Multiple government procurement services were targeted by a credential harvesting campaign that uses bogus pages to steal login credentials. Cybersecurity company Anomali uncovered a campaign that used 62 domains and around 122 phishing sites in its operations and targeted 12 countries, including the United States, Canada, Japan, and Poland.
The use of bogus login pages continues to be a popular method for credential harvesting campaigns. The Trend Micro™ Cloud App Security™ solution blocked 2.4 million attacks of this type in 2019 1H — a 59% increase from 1.5 million in 2018 2H.
How the campaign operates
For this campaign, threat actors used phishing emails carrying documents written in the language of the country being targeted. The phishing emails were also found with URLs to fake but legitimate-looking login pages. These URLS were primarily hosted on the following IP addresses: 31[.]210[.]96[.]221, 193[.]29[.]187[.]173, 91[.]235[.]116[.]146, 188[.]241[.]58[.]170.
If the recipient of the phishing email clicks on the malicious URL, they will be redirected to a login page that is an imitation of a legitimate website the campaign is spoofing. A login attempt will then lead to the theft of the user’s credentials.
Aside from the websites of international government departments, those belonging to email services and two courier services were also spoofed by the threat actors. The U.S. Department of Energy, Canada’s Government eProcurement service, China’s SF-Express courier service, and Australia’s Government eProcurement Portal were some of the target organizations.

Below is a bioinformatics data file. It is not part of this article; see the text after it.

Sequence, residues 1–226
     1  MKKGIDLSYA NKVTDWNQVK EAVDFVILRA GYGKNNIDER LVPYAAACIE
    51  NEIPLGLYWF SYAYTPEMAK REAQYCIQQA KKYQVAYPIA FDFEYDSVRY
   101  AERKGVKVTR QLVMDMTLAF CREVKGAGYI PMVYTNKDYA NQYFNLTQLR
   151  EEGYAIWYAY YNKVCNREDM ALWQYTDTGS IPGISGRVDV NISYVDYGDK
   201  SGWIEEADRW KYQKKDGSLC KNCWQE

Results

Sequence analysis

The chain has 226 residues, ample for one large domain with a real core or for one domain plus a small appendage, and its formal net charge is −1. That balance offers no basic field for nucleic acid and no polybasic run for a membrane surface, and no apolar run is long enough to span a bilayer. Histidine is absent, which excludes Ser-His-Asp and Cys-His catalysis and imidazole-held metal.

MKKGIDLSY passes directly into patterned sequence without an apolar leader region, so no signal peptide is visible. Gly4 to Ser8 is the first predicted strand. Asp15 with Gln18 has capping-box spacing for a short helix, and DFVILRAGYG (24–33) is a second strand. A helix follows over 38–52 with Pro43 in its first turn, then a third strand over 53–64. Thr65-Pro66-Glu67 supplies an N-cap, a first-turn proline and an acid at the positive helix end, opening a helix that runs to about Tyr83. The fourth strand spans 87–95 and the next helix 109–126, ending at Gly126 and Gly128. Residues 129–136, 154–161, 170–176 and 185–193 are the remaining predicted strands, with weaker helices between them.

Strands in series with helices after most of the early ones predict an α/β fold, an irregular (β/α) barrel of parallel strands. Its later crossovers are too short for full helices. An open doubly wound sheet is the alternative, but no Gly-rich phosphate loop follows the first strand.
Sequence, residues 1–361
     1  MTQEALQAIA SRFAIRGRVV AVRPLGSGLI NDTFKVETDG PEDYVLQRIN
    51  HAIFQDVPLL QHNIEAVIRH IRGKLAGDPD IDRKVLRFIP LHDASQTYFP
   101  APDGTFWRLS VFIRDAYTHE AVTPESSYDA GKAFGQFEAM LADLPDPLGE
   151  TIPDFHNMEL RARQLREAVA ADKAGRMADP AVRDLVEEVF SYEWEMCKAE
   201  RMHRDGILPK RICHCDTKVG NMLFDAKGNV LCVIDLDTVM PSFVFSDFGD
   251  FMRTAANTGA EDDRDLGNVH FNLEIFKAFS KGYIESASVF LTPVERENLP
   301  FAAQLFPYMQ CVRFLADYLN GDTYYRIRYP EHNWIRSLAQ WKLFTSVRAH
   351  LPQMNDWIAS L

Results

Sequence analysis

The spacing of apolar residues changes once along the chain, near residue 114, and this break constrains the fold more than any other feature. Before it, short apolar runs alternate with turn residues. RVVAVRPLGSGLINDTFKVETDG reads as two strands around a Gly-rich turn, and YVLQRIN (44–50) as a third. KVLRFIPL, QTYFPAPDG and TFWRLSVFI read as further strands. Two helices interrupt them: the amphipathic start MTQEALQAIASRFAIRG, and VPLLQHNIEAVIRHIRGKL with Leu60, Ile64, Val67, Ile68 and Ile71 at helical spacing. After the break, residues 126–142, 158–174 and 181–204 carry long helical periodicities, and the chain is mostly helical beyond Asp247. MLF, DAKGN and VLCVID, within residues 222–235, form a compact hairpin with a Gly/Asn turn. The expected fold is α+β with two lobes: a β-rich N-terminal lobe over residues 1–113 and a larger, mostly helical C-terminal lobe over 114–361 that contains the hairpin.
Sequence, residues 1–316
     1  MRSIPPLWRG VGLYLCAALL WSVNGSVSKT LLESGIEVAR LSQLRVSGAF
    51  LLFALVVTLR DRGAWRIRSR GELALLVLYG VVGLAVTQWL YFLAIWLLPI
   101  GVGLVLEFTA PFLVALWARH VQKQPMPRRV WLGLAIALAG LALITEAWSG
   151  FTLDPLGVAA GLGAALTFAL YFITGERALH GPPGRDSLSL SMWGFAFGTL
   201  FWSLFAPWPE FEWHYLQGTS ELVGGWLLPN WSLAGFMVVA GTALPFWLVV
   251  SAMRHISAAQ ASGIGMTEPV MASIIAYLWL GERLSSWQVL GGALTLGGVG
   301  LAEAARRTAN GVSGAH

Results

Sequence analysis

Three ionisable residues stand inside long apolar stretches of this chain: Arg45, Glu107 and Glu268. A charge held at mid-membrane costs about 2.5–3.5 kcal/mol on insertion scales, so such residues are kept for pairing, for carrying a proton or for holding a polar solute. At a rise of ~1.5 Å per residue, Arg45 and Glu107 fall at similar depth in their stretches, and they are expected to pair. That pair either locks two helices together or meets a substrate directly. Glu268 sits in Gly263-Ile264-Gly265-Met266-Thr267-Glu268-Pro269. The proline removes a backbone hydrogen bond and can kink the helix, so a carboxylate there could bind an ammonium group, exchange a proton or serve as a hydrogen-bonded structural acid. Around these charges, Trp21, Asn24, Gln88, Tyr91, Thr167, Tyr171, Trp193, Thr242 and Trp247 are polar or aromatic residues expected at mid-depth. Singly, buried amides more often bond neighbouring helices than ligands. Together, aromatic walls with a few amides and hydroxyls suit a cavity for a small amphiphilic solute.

[Read: Machine learning use in email security solutions that block credential phishing attacks]
Email users should always be aware of the latest phishing tactics in order to avoid falling victim to credential harvesting attacks. After all, such attacks are becoming highly deceptive; in fact, it has become relatively easy for cybercriminals to obtain a .gov domain that they can use to further disguise their schemes.
To minimize the chance of becoming a victim, users can follow these best practices in identifying phishing attacks:
- Be cautious of emails from individuals or organizations that ask for personal information. Most companies will not ask for sensitive data from its customers, especially with stricter data privacy laws.
- Look out for grammatical errors and spelling mistakes in suspicious emails. Emails from legitimate companies are often proofread to ensure that the materials they send out are error-free.
- Emails that call on a sense of urgency or have an alarmist tone should not be hastily acted on. If in doubt, recipients should verify the status of their accounts with their company’s system administrator or service provider.
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